Recently diagnosed and very scared

I was diagnosed with cervical cancer 1 week ago, I was very angry at first as I had a smear in December with a internal scan by a gynaecologist who seems to of missed  the signs of my cancer! I had CIN3 4 years ago which was removed and told to return in 2 years, within them two years I knew something was wrong and requested smear tests to which I was refused as I wasn't due one and the lab people would just discard it!! It is now at a stage 4. I have read a few posts by people but haven't seen any for stage 4? I am absolutely terrified, I am a single mother with four young children! I start chemo on the 5th for 3 session then 7 weeks of radiotherapy

i have a great support network o family and friends but they don't understand I know they are going through it too but would like some advice off people who are going through it too 

Hi Laura, 

First of all I am so sorry that you've had this diagnosis and find yourself in this position. I am not surprised that you are absolutely terrified and you are perfectly justified in being angry, too!

Secondly, I want to reassure you about the relative absence of women on the site with stage 4 cervical cancer. It's actually not so much for the reason that you would understandably think of, but much more because the overwhelming majority of women with cervical cancer are diagnosed and successfully treated at a much earlier stage these days, so many women are cured before the cancer has the opportunity to progress to an advanced stage. 

It's great that you have such a strong support network, and even though you're right that they don't understand what it's like for you, in the end I found it still helped to spend time with people who loved me and wanted me to be ok. As you say though, it can really help to have contact with people who do know what it's like to be diagnosed with cancer and have also experienced all the resulting emotions, so please do keep coming to the forum as much as you feel you want to. Jo's also runs support groups around the country, so it's worth finding out if there's one near you. Also, Macmillan often run support groups and can offer you other types of support as well, so it's worth ringing your local Macmillan Centre (or popping in - they are usually run by such lovely people) and finding out what they can offer you.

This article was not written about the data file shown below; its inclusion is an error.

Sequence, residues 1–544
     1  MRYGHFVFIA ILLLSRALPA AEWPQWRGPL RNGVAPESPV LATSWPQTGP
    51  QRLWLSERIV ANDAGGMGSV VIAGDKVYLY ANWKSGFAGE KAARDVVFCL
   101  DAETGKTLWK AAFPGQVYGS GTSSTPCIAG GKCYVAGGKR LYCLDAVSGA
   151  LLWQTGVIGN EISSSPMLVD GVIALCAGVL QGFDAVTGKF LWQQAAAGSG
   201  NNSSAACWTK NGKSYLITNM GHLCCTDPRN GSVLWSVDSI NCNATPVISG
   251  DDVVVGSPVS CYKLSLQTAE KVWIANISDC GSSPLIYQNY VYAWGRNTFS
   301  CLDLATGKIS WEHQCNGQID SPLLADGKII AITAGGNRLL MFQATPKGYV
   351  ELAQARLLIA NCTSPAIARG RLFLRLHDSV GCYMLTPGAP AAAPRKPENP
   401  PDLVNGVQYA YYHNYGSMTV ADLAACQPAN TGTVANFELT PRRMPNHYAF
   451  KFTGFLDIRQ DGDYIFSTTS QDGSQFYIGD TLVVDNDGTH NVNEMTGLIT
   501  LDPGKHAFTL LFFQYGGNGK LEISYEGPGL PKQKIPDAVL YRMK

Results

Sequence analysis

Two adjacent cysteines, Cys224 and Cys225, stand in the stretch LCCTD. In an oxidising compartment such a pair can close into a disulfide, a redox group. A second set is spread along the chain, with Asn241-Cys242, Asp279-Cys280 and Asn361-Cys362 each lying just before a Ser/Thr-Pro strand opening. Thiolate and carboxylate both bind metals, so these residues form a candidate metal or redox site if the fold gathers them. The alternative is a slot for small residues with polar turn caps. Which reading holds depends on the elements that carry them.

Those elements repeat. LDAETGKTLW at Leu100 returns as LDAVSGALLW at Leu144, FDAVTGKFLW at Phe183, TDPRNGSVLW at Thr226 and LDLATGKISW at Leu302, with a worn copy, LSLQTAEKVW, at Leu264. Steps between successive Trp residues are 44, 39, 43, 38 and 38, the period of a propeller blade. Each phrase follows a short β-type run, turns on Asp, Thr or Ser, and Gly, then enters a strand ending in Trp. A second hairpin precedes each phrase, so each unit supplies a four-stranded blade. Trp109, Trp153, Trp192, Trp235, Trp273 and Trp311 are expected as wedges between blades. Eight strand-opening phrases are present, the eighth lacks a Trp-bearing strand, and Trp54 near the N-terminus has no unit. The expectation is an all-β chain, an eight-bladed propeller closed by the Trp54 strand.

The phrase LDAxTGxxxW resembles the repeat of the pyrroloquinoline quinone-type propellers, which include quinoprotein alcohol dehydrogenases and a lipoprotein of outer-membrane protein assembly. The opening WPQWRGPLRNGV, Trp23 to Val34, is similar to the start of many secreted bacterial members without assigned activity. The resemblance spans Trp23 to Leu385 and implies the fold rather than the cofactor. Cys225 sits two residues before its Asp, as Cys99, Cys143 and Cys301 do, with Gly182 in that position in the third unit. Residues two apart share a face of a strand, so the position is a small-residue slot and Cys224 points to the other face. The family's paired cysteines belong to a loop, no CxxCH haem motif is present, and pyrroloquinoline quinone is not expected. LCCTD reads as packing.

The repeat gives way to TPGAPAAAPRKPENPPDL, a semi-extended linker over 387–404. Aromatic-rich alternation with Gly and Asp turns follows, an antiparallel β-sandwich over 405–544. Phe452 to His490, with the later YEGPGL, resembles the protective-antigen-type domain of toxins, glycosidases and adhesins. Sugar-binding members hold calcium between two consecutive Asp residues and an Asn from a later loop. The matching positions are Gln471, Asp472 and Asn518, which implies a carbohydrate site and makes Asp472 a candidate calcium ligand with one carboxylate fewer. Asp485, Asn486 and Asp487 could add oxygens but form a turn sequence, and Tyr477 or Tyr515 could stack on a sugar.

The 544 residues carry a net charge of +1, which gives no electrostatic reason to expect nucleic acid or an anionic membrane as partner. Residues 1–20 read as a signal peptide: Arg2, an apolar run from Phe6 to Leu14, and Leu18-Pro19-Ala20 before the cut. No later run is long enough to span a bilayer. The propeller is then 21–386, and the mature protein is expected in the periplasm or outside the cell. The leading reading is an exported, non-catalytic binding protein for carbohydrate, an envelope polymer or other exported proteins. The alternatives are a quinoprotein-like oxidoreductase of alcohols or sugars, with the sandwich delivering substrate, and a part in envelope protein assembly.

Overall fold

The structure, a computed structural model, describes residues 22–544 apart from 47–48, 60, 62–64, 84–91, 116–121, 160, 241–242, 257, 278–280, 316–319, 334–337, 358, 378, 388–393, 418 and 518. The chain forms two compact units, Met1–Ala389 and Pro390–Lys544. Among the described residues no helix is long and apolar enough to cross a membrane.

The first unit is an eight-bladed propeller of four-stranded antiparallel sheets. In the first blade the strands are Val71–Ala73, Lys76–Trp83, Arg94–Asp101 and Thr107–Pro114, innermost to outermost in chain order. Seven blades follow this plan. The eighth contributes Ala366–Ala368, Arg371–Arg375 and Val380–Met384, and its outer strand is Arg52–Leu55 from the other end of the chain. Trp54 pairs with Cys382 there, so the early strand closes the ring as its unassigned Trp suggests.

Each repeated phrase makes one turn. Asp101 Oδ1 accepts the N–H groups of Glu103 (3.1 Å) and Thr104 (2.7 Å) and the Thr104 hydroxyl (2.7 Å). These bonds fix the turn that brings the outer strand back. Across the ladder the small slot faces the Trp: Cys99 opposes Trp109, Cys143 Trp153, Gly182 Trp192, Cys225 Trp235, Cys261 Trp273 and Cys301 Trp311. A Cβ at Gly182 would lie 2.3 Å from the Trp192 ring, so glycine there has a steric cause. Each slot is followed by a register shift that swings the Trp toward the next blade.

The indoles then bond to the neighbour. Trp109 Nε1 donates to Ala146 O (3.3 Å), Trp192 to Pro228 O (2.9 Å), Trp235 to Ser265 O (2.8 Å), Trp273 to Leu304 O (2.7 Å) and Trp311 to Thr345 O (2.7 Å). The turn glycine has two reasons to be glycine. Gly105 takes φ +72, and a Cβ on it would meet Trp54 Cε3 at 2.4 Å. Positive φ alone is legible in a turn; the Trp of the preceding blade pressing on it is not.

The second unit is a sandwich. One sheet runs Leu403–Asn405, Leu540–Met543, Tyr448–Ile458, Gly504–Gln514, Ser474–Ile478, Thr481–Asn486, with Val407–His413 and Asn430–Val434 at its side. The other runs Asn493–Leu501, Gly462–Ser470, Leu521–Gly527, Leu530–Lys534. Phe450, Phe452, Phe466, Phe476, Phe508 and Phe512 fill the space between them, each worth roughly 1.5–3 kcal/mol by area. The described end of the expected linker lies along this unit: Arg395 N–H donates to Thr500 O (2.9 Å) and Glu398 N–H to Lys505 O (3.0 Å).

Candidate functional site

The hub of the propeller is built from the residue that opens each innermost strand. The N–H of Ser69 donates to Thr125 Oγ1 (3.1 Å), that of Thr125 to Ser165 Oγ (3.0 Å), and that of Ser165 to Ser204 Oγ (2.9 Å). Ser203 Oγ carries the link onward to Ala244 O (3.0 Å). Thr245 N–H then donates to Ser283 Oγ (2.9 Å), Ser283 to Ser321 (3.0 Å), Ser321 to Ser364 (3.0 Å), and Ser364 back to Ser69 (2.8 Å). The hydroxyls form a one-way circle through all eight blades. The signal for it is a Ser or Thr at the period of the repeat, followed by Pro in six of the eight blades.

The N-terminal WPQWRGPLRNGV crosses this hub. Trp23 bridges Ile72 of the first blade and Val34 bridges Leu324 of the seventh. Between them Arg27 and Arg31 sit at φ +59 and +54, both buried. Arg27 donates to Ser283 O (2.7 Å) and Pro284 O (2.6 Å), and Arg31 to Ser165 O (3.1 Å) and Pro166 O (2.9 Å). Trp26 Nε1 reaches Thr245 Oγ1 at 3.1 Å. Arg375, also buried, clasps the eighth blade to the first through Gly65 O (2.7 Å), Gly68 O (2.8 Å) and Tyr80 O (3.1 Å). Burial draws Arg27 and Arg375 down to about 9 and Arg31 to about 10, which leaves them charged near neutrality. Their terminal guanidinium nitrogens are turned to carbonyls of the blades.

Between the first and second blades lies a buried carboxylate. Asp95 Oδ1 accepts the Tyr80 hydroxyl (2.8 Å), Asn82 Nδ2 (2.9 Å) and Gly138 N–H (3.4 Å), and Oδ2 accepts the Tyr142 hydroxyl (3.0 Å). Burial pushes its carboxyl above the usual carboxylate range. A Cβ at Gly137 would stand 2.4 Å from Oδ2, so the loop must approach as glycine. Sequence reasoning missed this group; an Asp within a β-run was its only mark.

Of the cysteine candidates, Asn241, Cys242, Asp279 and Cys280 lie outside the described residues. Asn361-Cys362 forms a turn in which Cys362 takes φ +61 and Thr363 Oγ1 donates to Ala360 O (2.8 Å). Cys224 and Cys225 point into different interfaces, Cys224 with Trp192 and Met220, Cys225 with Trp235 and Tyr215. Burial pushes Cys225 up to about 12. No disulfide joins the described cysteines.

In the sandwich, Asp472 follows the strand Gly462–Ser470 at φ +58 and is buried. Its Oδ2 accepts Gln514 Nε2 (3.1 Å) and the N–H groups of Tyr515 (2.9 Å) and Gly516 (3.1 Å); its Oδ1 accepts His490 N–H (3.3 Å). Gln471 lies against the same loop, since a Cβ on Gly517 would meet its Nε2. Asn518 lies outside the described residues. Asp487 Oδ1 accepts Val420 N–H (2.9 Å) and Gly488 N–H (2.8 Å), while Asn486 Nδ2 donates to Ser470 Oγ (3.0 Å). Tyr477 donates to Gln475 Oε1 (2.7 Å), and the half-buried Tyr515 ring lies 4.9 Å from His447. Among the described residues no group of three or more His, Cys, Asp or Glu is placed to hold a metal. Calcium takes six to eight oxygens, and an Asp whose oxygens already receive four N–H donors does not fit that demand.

Laura, I would imagine you're still in shock to some extent. This is a massive thing to take on board, so don't be surprised if you experience a complete roller coaster of emotions. You need to take very special care of yourself emotionally and take all the support that is offered. I am absolutely terrible at asking for help and am one of those people who always thinks I should be able to do everything on my own, but when I got diagnosed I realised I couldn't do this one on my own, so I made a conscious decision to just take the help. If you accept the fact that people actually really want to do something to help, it makes it easier to accept the help and support that is there. It does make a big difference. 

It's good that you've already got a date for the start of your treatment. You'll probably feel a bit more 'pro-active' once your treatment starts, as people often feel a bit more secure once they feel something practical is being done. Are you having external radiotherapy or internal or both? Have you been told what kind of tumour you have and where it has spread to? 

I know you must be very frightened - I feel for you so much - but I want you to know that we're here to support you on this site, whether you need advice or are feeling distressed or just need a rant! 

Take very special care, Laura. 

Much love, 

Annabel. x

Hi Laura,

I just also want to to say I'm so sorry about your diagnosis.  As Annabel said, this site is brilliant for support and information.  I don't know what I'd have done with out it.

I'm sending you a big hug and we are all here for you anytime you need to chat.

Lots of love, Tess xx

Hi annabel and Tess thank you so much for your replies, you are right Annabel I am still in shock I suspect I feel like its happening to somebody else like I’m kind of sticking my head in the sand. Normally I’m one for wanting to the in’s and outs of a card backside but this I am scared to ask as each time I go the hospital it’s worse than I originally thought!
I have seen a few woman on here who have had smears and it has came back normal! It confuses me as to what’s going on they can’t all be wrong?? Can they?
I have four beautiful children 2 girls 2 boys and as you can imagine my fears for my girls? my eldest is getting the hpv vaccine in her school next year but I have been key down so much I wander is that enough?
I have found that I’m mostly scared of asking the survival rate do you think this is normal? And I have also been advised by a friend to take apricot kernal capsules as this helps the tumour to shrink as well as chemo and radiotherapy. I am willing to try anything for my kids!

Thanks again ladies you are both right it’s good to talk to other people who are going through the same thing.

Hi Laura, 

Yes, it does feel like it's happening to someone else - I remember exactly that feeling - when I was telling people that I had cancer, I usually ended up feeling sorry for them, because they were so upset about it. It didn't feel quite real to me!

Unfortunately smears are not 100% accurate and don't always pick up abnormalities, especially for the kind of tumour that I had (adenocarcinoma), although there is now a new 'brush' type of smear which is more accurate more of the time. Having said that, I can't quite get my head round the idea that you had a smear and internal ultrasound only six months ago and that both of those things missed a cancer that is now stage 4. I would definitely be asking them how on earth that happened!